Next week, Henry Unger reports about Fitz Johnson and the Atlanta Beat. I'll look forward to it.

Erika on Univision

A picture of Erika de Souza visiting Spanish-language Univision for an interview. Both Erika and Iziane Castro Marques were interviewed. The picture is from the Atlanta Dream Facebook Page.

Good that they showed up on Univision, but I hope Univision didn't think that they spoke Spanish. Erika and Iziane speak Portugese as native Brazilians.

Monday, July 5, 2010

1997 WNBA Champions

Some old school video of the 1997 Houston Comets. Enjoy.

Dreamy Cake?

Posted by @hunnibee10 (Brittainey Raven) on Twitter.

My question: did Raven eat the whole cake? Save some for me!

Never Depend on a Referee

I think it was Dean Oliver who said that bad refereeing was inconsistent refereeing. This is something very different from making bad calls. Let me explain.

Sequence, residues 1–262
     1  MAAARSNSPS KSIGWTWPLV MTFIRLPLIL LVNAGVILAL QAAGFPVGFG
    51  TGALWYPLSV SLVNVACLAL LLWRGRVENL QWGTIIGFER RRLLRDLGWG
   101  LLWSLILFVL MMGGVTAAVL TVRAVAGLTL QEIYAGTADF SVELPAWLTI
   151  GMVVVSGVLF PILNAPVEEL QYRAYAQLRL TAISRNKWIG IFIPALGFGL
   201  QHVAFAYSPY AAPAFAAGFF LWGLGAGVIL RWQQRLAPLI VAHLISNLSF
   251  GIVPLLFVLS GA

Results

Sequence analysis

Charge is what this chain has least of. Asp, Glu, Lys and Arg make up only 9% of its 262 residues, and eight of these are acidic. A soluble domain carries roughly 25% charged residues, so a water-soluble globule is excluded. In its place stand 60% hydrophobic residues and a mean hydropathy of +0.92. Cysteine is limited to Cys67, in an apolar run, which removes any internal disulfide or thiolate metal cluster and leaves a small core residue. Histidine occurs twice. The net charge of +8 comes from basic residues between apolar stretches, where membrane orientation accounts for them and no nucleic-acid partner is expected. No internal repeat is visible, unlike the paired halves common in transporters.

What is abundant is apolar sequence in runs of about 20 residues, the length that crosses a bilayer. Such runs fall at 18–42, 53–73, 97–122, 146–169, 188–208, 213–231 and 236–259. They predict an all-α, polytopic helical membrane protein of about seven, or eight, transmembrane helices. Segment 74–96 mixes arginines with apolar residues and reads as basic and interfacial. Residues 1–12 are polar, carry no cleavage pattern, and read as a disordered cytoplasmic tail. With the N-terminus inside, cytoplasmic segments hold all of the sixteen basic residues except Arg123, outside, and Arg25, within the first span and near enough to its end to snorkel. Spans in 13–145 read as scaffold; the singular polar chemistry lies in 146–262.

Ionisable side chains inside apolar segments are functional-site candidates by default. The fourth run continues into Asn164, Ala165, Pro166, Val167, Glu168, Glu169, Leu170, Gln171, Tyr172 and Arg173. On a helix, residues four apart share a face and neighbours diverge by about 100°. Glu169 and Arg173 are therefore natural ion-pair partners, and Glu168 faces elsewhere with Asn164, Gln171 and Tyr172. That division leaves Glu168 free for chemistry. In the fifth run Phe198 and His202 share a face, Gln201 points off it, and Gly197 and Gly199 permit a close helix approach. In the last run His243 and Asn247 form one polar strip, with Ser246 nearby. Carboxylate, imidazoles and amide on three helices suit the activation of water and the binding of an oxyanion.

All in all, referees have an almost impossible job to do. Basketball is a game of motion in a relatively compact space. There's a lot going on between ten people on a court, and most of the time the referees do a good job of controlling it. (Although coaches would have you believe otherwise.)

It's the nature of the beast that a basketball referee is going to give a bad call sometime. The problem with basketball is that a bad call directly impacts the score of a game, since about 40 percent of possessions end up with someone scoring. A bad call of traveling can wipe two points off a team's score because the ball might have ended up in the basket otherwise. Likewise, missing a foul call can add two points to a team's score that shouldn't have been added.

Most of the time, this evens out. For an unbiased referee, the number of bad calls created is evenly divided among both teams, not impacting either club significantly. Bad refereeing has greater impact against good teams (because the points a bad team gets added to its score probably won't make up enough points to push a bad team into the win column) and against teams that have players who get into foul trouble: a bad foul call can make the difference between a player's foul tally being four, or five, or six and this impacts how many minutes that player should play.